Covid-19 has brought more migrants to the Mediterranean
The figures decreased in April, surely due to bad weather and the pandemic. However, in May numbers of illegal immigrants entering the EU from various Mediterranean routes tripled compared to the previous month. From January to May, 5,500 cases have been recorded, virtually triple the number for the same period in 2019. Frontex has reported this, but individual countries are not responding
While figures were way down for April, perhaps due to inclement weather conditions and the coronavirus pandemic, last May illegal immigrants making their way into the European Union along various Mediterranean routes tripled compared to the previous month. A total of 4,300 cases were recorded. This is confirmed by data released by Frontex, the EU border agency.
Along the central Mediterranean route, which affects Italy and Malta, migration flows through Libya, Tunisia and Algeria. Around 1,000 illegal crossings were registered in May. This was a 40 % increase compared to April. From January through May, Frontex recorded a total of 5,500 cases, almost triple the number for the same exact period in 2019. According to Italy’s Ministry of the Interior, from the beginning of 2020 to June 14, a total of 5,639 illegal immigrants landed on Italian shores compared to 2,144 for the first half of 2019.
Frontex and Italy’s Interior Ministry have identified the main nationalities of migrants as Bangladeshi, Tunisian, Sudanese and Ivorian. Along the eastern Mediterranean route, which flows from Turkey to Greece, 1,250 migrants, mostly Afghans, reached Greek islands. This was eight times more with respect to April. From January to May, 12,700 cases were registered despite the fact that in many cases Greek patrol boats forced rubber dinghies filled with migrants back into Turkish waters. Along the western Mediterranean route from Morocco to Spain, 650 illegal migrants were identified last May, nearly quadruple the figure recorded in April for a total of 3,700 migrants (about 50% of Algerian nationality) since January.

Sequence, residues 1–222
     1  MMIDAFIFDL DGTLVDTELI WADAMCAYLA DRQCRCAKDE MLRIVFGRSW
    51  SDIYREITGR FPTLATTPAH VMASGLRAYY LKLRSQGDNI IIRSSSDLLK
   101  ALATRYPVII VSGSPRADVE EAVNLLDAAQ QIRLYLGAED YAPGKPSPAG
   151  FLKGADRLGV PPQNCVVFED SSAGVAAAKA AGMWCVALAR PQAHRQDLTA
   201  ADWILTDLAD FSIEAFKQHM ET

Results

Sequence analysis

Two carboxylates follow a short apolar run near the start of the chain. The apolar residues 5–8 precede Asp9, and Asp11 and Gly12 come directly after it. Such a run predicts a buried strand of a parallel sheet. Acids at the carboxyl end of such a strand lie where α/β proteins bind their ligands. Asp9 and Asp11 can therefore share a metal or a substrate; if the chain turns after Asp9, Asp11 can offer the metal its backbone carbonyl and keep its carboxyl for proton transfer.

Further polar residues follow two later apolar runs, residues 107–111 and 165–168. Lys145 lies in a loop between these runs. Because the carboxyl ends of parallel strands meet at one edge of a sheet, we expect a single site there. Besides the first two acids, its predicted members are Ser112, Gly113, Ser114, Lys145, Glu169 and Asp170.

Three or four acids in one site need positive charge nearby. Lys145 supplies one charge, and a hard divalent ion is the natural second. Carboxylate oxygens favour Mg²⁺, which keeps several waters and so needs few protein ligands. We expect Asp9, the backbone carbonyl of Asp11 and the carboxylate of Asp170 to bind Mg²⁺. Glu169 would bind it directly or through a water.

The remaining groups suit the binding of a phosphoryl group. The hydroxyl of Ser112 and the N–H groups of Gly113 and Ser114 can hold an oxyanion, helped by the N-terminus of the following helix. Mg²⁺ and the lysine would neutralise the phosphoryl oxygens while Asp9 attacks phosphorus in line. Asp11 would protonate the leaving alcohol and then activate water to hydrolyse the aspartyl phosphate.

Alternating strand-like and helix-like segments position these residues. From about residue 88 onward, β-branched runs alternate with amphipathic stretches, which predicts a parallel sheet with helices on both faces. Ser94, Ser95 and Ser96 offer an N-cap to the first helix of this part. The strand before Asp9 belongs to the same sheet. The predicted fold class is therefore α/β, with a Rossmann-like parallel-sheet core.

On the western Balkan land route (via Turkey) 900 illegal migrants were identified in May for a total of 6,900 in 2020. This is a 50% increase compared to the same period in 2019. From Frontex’s recent data, it is clear that all routes used for illegal immigration within the Mediterranean basin have recorded an increase in figures with respect to April. This is so, even if, on an annual basis, the 31,600 illegal immigrants who have already arrived in Europe since the beginning of 2020 via Mediterranean routes is actually 6% less than in the first 5 months of 2019.
Frontex’s French director, Fabrice Leggeri, warned of a further rise in tension on the border between Greece and Turkey. "If Turkey were to create a situation similar to that of last March, Frontex would significantly increase its staff in Greece," Leggeri said, recalling Ankara's decision to send thousands of violent illegal immigrants toward Greek and EU land borders.
In a crisis situation Frontex could deploy up to 1,500 personnel along the Greek-Turkish border. Currently it has 600 on the EU land border with Turkey as well as in Aegean waters and islands. Commenting on the situation involving the Evros River, located on the Greek-Turkish border, Leggeri noted that "in recent months, Turkey’s border patrol has opened fire on Greece on at least five occasions, but no one has been injured."
The Frontex director then criticized the EU asylum legislation. Leggeri said applications for international protection should be "already verified at the (EU’s) external borders." Furthermore, "asylum seekers should be informed as soon as possible whether they will be granted refugee status or not." Finally, for Leggeri, "if the asylum decision is negative, migrants must be sent back immediately."
Leggeri’s assessments are not new, but they do clash with difficulties experienced by individual nations and those of the European Union in general to actually refuse illegal immigrants who are not recognized as having rights of entry.